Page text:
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Feds Still Lack Plan to Protect Disaster Responders

 
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DMCKEON
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PostPosted: Tue Jun 03, 2008 5:44 pm    Post subject: Feds Still Lack Plan to Protect Disaster Responders
From Tue Jun 03, 2008 3:00 am to Sat Jun 07, 2008 2:59 am (included)
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For Immediate Release: June 2, 2008

Contact: Joe Soldevere (Maloney), 212-860-0606
Dave Natonski (Shays), 202-225-5541
Craig Donner (Fossella), 718-356-8400
Shin Inouye (Nadler), 202-225-5635

GAO: Feds Still Lack Coordinated Plan

to Protect Disaster Responders

- 6+ Years After Attacks, Lessons of 9/11 Not Learned by Bush Admin. -

Washington, D.C. - Today, Reps. Carolyn Maloney (D-NY), Christopher Shays (R-CT), Vito Fossella (R-NY), and Jerrold Nadler (D-NY) released a new report from the Government Accountability Office (GAO) revealing that the U.S. Department of Health and Human Services (HHS) lacks a coordinated, department-wide plan to protect the health and safety of Americans who respond to public health disasters. In its report (click here for a full copy), the GAO identified five key lessons from the federal response to the 9/11 attacks that should help guide future disaster response efforts. A summary of the GAO's five lessons can be found below.

Maloney, Nadler, and Fossella authored and Shays co-sponsored the 9/11 Health and Compensation Act, which would provide health care to the thousands of Americans who were sickened or injured by the toxic aftermath of the 9/11 attacks.

"If the federal government had a coordinated plan on 9/11 to protect disaster responders thousands of people wouldn't be sick today," said Rep. Maloney. "With seventh anniversary of the attacks fast approaching, it's totally unacceptable that we don't have plans to take care of ailing 9/11 responders and to protect the health of responders to future disasters."

"The response to September 11th-related health concerns has lacked coordination and a sense of urgency, and I believe federal, state and local health systems have to more accurately diagnose and treat these illnesses," said Rep. Shays. "Much work needs to be done to ensure those affected receive the care they deserve, and I hope the administration will fulfill its commitment to those exposed to the toxins from September 11, 2001, and in the resulting cleanup."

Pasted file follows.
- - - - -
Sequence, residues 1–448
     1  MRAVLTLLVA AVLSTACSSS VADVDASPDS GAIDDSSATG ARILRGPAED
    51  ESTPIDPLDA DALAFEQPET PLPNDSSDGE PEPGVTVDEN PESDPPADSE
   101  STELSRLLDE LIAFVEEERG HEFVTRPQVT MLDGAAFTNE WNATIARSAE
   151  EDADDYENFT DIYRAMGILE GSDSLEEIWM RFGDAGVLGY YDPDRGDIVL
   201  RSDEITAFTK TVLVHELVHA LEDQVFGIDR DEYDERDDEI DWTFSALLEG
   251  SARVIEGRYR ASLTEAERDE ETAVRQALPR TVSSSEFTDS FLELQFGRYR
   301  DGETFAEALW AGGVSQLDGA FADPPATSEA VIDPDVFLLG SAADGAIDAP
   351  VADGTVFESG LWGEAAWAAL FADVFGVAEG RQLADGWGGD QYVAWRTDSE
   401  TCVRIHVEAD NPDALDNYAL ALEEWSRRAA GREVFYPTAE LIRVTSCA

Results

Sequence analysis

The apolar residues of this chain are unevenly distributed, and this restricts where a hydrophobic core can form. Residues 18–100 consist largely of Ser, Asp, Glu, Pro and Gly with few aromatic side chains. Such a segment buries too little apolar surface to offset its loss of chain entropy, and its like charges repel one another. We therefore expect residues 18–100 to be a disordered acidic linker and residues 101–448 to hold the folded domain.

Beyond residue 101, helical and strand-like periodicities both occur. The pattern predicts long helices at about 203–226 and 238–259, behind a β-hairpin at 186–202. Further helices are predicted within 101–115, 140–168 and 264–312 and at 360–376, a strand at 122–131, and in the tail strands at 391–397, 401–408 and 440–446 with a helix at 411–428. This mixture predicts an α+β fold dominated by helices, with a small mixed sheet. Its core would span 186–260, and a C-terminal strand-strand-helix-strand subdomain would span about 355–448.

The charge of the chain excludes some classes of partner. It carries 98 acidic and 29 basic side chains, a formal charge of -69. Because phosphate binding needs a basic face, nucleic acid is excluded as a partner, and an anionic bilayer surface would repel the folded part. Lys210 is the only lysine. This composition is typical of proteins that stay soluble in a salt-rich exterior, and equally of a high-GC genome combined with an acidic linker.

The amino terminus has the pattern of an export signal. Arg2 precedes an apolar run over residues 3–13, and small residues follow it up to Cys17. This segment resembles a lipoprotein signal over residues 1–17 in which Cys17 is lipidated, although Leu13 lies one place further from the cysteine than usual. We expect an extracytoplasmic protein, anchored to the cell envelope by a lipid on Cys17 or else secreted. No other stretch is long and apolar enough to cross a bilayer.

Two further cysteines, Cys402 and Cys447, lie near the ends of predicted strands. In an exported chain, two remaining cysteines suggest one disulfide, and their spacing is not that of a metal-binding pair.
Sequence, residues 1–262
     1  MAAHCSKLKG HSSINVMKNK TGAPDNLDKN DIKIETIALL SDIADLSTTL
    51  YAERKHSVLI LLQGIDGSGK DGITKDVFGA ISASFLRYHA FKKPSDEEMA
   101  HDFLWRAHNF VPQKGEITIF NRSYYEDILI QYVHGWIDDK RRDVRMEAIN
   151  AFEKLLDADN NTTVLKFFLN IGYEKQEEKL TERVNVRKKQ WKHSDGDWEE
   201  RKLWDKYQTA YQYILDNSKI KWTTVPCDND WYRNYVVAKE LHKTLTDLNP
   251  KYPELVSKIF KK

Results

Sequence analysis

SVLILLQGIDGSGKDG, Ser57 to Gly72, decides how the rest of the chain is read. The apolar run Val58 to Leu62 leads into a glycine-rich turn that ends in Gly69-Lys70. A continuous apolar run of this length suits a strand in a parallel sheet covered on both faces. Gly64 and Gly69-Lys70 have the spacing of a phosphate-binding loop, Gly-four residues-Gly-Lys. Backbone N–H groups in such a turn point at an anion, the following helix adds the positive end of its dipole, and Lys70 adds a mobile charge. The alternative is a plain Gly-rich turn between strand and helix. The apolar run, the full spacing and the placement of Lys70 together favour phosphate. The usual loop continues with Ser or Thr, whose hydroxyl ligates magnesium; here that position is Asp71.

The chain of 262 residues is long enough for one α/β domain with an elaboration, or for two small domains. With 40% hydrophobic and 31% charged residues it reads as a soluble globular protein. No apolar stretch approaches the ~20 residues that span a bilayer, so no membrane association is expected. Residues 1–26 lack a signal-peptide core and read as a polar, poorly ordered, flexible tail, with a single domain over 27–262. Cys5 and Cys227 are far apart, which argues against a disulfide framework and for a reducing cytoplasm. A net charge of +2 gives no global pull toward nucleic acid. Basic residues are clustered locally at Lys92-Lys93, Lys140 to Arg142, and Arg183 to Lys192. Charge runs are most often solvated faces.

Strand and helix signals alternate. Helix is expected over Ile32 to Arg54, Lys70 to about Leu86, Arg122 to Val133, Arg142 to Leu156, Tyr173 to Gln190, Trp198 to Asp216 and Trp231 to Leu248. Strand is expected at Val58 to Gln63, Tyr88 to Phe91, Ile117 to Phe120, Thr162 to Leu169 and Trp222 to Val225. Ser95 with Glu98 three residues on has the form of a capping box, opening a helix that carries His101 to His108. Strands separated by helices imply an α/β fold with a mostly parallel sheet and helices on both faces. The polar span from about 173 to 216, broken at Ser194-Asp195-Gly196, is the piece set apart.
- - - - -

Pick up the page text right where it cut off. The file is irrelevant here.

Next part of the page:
Rep. Fossella said, "These recommendations provide a guide for the federal government to follow in the future to protect the health and well-being of first responders. But these recommendations also highlight the lack of adequate services that are available right now for sick and injured 9/11 responders. While it is important for the government to use the lessons of 9/11 to be better prepared to manage potential health issues of responders in the future, federal officials must stop delaying efforts to help the unsung heroes of 9/11."

"Yet again, the Bush Administration has failed to learn from its mistakes," said Rep. Nadler. "In the aftermath of 9/11, it became clear that the government lacked a comprehensive public health plan to protect the brave responders who came to the World Trade Center to help. This lapse in leadership led to thousands of people from all over the nation becoming sick. Not only has the White House failed to fully provide for their needs, its ongoing failure to develop plans for future disaster response efforts is outrageous and extremely dangerous."

Responding to a request from Reps. Maloney, Shays, and Fossella, the GAO identified the following five lessons from the experience of current World Trade Center health programs that could help in the event of a future disaster:

1) Registering all responders during a response to a disaster could improve implementation of screening and monitoring services;

2) Designing and implementing screening and monitoring programs that foster the ability to conduct epidemiologic research could improve the understanding of health effects experienced by responders and help determine the need for ongoing monitoring;

3) Providing timely mental health screening and monitoring that is integrated with physical health screening and monitoring could improve the ability to accurately diagnose physical and mental health conditions and prevent more serious mental health conditions from developing;

4) Including a treatment referral process in screening and monitoring programs could improve the ability of responders to gain access to needed treatment; and

5) Making comparable services available to all responders, regardless of their employer or geographic location, could ensure that more equitable access to services for responders and help ensure that data collected about responders' health is consistent and comprehensive.

Previous GAO Reports on 9/11 Health

03/11/08 - September 11: Fiscal Year 2008 Cost Estimation Process for World Trade Center Health Programs

01/22/08 - September 11: Improvements Still Needed in Availability of Health Screening and Monitoring Services for Responders outside the New York City Area


09/20/07 - September 11: Problems Remain in Planning for and Providing Health Screening and Monitoring Services for Responders


07/24/07 - September 11: HHS Needs to Ensure Availability of Health Screening and Monitoring for all Responders

02/28/06 - September 11: Monitoring of World Trade Center Health Effects Has Progressed, but Program for Federal Responders Lags Behind

09/08/04 - September 11: Health Effects in the Aftermath of the World Trade Center Attack



Joe Soldevere
Press Secretary
Congresswoman Carolyn B. Maloney (NY-14)
Office: (212) 860-0606
Mobile: (646) 831-1649
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